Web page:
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john, where they could be seen with young children and nobody would notice anything is going on. really disturbing stuff. we tried to call his lawyer. he said he had no comment. fogle will be sentenced mid november. >> we'll be right back. the cold truth is... okay kids, let's go. no one can really fill your shoes when you're sick. alka-seltzer plus day cold & flu has three cold symptom fighters to relieve your tough symptoms. [deep breath] stay unstoppable. alka-seltzer plus.
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anthony bourdain got a painful new tattoo. he let drunk men with a needle and mall lit chisel away. >> you went to malaysia, has it changed a lot? >> we do a show many years ago at sort of an emotional cross roads of my life, and i wanted to go back and see how things changed but i wanted to go back and see how i felt about how
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things had changed. >> did you see it differently? >> i saw it very differently. i was miserable the first time but we went this time for their rice harvest festival. which is three non-stop days of drinking jungle beverages. i mean, for three solid days. the party just keeps going but what also keeps going is kareoke. >> you know what scares me more than tripe? >> cario key. >> anyway -- >> so malaysia. >> so three days in the jungle of constant drinking, of unlicensed alcoholic beverages, singing and tattoos. >> that's a dangerous combination. >> i thought -- this is what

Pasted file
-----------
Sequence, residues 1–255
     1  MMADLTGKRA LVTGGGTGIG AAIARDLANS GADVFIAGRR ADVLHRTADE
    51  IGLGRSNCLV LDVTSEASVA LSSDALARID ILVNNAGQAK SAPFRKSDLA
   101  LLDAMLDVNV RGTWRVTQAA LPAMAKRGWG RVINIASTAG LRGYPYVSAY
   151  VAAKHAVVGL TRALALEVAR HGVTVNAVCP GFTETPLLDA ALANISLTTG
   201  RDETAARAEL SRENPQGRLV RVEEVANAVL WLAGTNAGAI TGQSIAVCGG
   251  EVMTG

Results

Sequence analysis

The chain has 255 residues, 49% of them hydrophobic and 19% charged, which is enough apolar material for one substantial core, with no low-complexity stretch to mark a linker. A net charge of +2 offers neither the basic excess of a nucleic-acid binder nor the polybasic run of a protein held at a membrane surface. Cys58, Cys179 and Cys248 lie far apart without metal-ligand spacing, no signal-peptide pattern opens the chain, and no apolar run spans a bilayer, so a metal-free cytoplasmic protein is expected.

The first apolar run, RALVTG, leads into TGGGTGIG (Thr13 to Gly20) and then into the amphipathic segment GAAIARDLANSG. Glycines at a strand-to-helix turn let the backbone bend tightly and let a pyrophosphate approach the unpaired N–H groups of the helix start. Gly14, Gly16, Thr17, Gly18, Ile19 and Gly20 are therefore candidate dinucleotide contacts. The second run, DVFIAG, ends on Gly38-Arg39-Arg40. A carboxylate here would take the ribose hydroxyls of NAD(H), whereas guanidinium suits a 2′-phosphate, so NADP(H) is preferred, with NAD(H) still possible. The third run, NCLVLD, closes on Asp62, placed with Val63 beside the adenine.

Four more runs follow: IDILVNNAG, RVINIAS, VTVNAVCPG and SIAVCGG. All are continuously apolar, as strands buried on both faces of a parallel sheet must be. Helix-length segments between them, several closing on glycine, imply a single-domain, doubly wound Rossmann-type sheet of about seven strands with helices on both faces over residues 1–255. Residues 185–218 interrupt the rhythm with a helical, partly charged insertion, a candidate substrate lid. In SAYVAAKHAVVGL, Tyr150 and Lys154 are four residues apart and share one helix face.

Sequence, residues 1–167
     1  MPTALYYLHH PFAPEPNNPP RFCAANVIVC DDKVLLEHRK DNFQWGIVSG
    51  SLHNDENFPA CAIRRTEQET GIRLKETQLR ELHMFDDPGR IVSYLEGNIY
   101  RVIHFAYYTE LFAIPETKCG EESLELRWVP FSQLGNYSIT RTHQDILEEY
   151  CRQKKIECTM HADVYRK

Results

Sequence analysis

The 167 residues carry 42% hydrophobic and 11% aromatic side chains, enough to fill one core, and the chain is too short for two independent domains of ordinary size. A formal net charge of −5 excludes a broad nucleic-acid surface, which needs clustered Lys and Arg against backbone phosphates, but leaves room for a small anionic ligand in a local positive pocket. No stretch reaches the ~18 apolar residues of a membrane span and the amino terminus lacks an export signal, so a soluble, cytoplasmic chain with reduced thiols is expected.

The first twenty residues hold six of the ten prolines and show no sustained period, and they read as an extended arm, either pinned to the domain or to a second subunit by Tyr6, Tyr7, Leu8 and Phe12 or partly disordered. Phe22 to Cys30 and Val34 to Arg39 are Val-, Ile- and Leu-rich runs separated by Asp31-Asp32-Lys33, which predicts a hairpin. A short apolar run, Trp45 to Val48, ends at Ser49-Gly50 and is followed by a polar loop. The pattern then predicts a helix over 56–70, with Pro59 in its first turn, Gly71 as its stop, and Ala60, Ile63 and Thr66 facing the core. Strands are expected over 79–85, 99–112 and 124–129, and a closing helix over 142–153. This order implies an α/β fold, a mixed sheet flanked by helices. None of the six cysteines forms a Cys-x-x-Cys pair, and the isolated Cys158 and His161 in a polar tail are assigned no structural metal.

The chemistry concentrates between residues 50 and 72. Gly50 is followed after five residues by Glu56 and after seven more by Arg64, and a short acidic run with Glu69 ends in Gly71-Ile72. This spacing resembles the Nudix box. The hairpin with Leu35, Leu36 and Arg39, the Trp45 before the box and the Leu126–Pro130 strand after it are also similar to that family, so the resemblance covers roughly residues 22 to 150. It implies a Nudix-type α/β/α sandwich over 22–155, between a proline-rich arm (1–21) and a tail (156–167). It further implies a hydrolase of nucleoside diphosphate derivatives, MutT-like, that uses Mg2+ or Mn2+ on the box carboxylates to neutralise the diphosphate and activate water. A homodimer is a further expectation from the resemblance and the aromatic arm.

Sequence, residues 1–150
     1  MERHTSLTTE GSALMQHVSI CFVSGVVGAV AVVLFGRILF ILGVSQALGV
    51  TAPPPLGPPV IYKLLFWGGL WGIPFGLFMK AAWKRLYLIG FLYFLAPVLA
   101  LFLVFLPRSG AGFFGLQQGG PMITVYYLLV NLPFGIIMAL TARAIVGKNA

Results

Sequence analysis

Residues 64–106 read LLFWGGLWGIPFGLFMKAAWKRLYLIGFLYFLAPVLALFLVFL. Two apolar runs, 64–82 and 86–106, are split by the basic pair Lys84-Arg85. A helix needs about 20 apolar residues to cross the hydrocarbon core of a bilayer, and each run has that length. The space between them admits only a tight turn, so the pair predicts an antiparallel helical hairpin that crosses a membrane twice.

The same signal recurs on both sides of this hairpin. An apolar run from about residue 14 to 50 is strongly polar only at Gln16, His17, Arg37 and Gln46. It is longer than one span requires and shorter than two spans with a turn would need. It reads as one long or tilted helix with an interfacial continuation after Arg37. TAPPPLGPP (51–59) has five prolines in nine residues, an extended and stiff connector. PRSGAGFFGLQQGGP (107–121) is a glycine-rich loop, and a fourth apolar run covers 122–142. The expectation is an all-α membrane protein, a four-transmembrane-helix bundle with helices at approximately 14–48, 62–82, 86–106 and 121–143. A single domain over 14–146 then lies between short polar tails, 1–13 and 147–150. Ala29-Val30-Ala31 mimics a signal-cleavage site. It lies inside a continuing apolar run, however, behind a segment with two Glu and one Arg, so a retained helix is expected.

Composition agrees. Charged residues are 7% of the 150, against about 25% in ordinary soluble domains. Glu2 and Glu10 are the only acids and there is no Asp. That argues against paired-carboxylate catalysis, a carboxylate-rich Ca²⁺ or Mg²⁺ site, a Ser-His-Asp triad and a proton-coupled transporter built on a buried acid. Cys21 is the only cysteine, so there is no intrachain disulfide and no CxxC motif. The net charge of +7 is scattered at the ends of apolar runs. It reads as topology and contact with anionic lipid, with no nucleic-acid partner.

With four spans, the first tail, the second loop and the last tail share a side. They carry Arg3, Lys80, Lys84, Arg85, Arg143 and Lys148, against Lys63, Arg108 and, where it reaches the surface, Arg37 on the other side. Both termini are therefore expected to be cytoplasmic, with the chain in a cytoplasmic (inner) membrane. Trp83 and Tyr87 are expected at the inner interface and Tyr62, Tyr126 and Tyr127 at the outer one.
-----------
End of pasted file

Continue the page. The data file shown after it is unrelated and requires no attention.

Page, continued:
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they do. they collect experiences as reflective by tattoos on the body and thought how bad can it be? answer, bad. >> painful. >> two drunk guys, two drunk with like a needle and bamboo rod and two clubs hammering into my chest. >> and didn't give you anything, no percocet, no nothing, just alcohol? >> i did not plan -- it was -- it was like two homicidal woodpeckers pounding into my chest for two solid hours for this tiny little thing. >> please tell me they weren't at least singing while doing this? >> there was people singing in the background, people singing popular music off key in the background. >> wow. did you scream or anything? >> i tried to look manly on camera. >> right. >> as i did, but -- no, if the cameras were not rolling, i would have been yelping and
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weeping and squirming and whining. >> maybe some of that is on the ed room floor. >> do not miss it this sunday night at 9:0 p.m. eastern. cnn tonight with don lemon starts now. >> gop to nbc, you're fired. this is "cnn tonight" i'm don lemon. the republican national committee is suspending its partnership with nbc news for a february debate. what's really going on? and were the cnbc questions any worse than the fox debate questions? our political experts are here tonight and hillary clinton says black lives matter, but why doesn't everyone believe her? >> using the power of the feelings that come forward and yes, they do -- >> black lives matter!